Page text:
BEIJING - China celebrated its ascendance with a show of goose-stepping troops, gaudy floats and nuclear-capable missiles in the nation's capital on Thursday, 60 years after Mao Zedong proclaimed its embrace of communism.
Thousands of troops cleared central Beijing of all passers-by for the anniversary parade for the birth of the People's Republic of China on October 1, 1949, and the central Tiananmen Square was turned into a high-tech stage to display the ruling Communist Party's achievements before invited guests.
Troops marked the start of celebrations in the morning by firing cannons and raising the red national flag, watched by President Hu Jintao, standing in a slate grey traditional Mao suit on the Gate of Heavenly Peace over the Square.
He descended to the street and inspected rows of troops, riding past them in a black limousine and bellowing repeatedly, Hello comrades, hard-working comrades!
From here it was that Chairman Mao solemnly announced the founding of the People's Republic of China, and from then the Chinese people stood up, Hu told assembled guests and troops.
Today a socialist China embracing modernization, embracing the world and embracing the future stands lofty and firm.
The parade of 8,000 picture-perfect soldiers, tanks and missiles, 60 elaborate floats, and 100,000 well-drilled civilians was a proud moment for many Chinese citizens, watching the spectacle across the country on television.
I am very proud of the military today. You can see we are getting stronger and stronger as a nation, Qiu Chengjie, a 25-year-old businessman from southern Guangdong province.
President Hu also wants the day of extraordinary spectacle and security to make the case that its formula of one-party rule and rapid growth remains the right one for hauling the world's third-biggest economy into prosperity, ruling 1.3 billion people and elevating China into a superpower.
The soldiers goose-stepping past Tiananmen Square at exactly 116 steps a minute carried the message that this Party knows how to run a show -- and a huge, restive country.
The parade was also a chance for Beijing to flex its military muscle, with a flyover and show of weapons, including rows of what state TV said were Dongfeng 31 missiles, capable of carrying nuclear warheads over 10,000 km (5,400 miles).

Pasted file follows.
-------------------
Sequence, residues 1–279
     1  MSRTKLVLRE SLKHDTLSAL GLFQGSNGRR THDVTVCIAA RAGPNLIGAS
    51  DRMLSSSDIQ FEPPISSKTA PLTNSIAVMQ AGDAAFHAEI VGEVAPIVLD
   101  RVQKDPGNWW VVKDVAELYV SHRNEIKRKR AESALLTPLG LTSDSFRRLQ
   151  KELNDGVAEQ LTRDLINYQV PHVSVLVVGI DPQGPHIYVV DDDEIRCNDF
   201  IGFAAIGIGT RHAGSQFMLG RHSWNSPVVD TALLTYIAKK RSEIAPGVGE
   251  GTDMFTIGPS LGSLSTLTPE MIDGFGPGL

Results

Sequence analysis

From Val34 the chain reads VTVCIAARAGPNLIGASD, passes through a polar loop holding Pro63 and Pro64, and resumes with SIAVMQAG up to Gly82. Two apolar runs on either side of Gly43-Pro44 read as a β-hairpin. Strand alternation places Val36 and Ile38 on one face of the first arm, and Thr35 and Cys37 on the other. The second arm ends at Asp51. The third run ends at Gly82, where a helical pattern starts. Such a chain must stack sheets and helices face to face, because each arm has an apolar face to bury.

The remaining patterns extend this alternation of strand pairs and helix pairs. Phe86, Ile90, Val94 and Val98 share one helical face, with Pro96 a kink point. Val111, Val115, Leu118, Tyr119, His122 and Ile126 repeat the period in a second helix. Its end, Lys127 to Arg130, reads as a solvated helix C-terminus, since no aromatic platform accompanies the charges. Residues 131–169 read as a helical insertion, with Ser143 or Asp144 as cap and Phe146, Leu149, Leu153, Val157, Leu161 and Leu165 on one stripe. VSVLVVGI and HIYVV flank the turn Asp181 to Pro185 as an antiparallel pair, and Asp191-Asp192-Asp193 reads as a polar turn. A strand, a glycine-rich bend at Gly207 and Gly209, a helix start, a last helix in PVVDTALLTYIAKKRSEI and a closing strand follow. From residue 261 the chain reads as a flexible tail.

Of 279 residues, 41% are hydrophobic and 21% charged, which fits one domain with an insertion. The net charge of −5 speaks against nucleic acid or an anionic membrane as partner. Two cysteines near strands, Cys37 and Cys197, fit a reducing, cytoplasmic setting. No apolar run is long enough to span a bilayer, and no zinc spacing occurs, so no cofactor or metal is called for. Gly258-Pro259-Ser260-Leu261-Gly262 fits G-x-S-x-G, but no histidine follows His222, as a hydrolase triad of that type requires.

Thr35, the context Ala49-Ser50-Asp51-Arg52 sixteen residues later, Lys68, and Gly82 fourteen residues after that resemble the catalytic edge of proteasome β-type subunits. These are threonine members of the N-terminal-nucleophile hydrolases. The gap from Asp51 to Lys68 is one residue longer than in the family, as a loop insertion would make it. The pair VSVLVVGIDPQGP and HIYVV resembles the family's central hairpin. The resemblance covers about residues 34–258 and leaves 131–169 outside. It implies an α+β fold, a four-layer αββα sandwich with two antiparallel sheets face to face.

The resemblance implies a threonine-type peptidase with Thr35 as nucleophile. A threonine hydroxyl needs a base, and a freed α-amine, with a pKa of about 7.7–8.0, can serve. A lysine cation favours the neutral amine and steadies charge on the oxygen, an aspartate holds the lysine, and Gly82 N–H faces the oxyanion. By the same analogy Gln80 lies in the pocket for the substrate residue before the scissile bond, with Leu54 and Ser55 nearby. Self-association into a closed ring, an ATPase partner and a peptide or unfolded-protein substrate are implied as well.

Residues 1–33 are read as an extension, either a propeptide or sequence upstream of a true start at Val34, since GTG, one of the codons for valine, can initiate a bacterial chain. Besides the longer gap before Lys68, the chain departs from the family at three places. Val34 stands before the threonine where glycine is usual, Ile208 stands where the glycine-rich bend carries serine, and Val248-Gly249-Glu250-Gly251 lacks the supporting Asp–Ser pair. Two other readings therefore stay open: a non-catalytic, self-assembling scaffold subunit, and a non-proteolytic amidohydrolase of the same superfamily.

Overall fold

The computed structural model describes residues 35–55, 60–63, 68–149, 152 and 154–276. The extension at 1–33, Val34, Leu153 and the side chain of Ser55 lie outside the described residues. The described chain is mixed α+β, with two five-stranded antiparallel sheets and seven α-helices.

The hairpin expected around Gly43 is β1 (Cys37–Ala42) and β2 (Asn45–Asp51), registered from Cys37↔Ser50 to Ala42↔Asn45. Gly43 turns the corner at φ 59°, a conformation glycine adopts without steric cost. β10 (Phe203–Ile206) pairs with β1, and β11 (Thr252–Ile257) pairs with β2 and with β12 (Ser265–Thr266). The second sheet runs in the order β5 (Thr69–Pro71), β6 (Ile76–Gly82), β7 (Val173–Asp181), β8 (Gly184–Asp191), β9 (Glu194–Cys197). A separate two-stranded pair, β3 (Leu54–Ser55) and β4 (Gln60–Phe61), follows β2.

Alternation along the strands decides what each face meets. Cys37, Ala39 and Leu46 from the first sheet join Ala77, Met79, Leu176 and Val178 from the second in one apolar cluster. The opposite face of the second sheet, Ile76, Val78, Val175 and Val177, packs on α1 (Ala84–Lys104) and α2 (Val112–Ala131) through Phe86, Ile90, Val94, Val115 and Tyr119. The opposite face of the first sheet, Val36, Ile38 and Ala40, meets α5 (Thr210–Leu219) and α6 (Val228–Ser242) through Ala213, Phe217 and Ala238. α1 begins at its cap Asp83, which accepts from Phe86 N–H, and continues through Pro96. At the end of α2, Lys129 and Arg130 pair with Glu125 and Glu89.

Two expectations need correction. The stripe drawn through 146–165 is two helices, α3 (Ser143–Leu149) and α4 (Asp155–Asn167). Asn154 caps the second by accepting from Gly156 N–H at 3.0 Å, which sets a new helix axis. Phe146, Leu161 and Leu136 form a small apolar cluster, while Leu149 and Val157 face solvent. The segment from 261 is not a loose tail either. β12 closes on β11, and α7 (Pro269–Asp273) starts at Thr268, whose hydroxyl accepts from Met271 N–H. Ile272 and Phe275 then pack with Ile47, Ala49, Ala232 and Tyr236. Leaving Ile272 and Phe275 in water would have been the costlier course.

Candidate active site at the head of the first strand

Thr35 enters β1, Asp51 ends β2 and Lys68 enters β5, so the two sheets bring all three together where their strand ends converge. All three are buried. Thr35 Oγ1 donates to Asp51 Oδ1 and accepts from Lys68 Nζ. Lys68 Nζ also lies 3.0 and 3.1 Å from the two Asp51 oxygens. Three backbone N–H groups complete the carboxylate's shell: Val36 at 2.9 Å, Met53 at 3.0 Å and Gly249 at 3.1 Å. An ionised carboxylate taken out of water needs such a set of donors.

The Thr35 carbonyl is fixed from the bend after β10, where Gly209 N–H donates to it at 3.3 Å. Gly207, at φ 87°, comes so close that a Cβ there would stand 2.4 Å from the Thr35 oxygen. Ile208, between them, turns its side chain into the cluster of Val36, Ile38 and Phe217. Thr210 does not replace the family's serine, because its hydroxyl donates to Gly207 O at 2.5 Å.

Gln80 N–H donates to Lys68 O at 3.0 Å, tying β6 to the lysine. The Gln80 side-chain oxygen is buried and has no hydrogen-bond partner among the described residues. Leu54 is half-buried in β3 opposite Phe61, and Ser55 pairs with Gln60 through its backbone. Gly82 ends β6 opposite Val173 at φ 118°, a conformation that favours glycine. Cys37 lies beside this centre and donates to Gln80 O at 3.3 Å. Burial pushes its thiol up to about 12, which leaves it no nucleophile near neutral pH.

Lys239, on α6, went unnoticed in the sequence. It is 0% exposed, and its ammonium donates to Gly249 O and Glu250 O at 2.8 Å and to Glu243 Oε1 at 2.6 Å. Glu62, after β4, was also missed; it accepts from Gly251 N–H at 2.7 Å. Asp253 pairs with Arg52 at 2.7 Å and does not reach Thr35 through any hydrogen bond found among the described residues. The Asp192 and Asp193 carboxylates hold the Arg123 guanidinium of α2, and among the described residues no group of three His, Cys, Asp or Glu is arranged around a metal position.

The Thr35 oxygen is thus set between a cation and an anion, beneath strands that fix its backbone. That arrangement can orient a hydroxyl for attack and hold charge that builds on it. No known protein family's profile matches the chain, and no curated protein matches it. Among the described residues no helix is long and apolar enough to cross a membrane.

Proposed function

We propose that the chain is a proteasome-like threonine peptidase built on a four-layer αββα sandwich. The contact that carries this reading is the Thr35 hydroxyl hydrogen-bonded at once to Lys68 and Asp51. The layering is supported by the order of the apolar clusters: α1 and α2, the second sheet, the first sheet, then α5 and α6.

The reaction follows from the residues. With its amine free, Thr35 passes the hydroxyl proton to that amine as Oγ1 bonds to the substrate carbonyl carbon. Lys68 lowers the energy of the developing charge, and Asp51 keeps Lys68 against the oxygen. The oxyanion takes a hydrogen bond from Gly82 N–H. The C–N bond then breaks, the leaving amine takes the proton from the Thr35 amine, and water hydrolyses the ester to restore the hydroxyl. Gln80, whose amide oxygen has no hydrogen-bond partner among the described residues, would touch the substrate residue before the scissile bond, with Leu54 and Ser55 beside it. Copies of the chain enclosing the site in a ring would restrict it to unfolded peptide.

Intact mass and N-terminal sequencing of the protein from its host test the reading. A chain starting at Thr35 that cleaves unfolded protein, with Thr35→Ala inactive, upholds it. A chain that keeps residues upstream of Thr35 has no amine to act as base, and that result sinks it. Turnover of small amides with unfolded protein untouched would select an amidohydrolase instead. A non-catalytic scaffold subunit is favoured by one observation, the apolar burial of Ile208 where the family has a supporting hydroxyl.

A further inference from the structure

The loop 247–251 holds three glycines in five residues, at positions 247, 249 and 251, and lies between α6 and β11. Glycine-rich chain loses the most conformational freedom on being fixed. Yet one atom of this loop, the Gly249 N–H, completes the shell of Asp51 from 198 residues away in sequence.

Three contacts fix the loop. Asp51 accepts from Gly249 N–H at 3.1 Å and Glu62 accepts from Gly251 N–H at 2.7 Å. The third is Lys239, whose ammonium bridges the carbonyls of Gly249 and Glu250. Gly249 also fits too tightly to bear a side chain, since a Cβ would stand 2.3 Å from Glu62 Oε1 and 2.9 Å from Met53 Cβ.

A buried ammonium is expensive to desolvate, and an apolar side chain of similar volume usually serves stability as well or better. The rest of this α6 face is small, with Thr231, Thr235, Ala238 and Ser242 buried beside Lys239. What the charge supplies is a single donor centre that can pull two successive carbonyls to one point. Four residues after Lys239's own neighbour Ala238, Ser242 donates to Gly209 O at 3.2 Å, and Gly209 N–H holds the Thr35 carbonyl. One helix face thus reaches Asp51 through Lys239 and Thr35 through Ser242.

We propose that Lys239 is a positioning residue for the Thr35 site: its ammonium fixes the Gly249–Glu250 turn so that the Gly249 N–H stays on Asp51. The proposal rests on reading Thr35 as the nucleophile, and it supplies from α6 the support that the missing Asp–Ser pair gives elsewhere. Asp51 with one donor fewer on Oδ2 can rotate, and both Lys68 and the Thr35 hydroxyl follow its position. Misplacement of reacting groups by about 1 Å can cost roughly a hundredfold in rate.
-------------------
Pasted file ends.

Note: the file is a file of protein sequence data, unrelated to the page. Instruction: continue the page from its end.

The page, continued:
But the overwhelming security controls also highlighted a key paradox of present-day China. The government claims it has never been stronger and closer to its people, yet appears afraid of even small incidents that could tarnish its authority.
It's not really for us ordinary people, is it? said Wang Chenggong, a migrant worker from impoverished central Henan province trying to watch a TV in a crowded streetside stall.
After the military parade, floats lauding China's history, achievements and different regions passed through along the Avenue of Eternal Peace, accompanied by marching, dancing crowds.
They included a farm produce float with two model cows; one showing China's space program with a lunar orbiter; and an Olympic Games display with a model of the Bird's Nest stadium.
Neat rows of marchers waving pompoms also accompanied huge mobile portraits of China's successive Communist Party leaders, ending with President Hu, appearing strikingly slim and youthful.
But even as the displays celebrated the People's Republic, police made it impossible for residents to see the parade.
Even those living on the parade route were banned from peeking out their windows. Flights into Beijing were stopped during the parade and even kites and pet pigeons grounded.
Go home! Leave now! Go watch TV at home! a portly policeman bellowed through a bullhorn at a crowd trying to gather miles from the square.
(Additional reporting by Yu Le and Emma Graham-Harrison; Writing by Chris Buckley; Editing by Benjamin Kang Lim and Jerry Norton)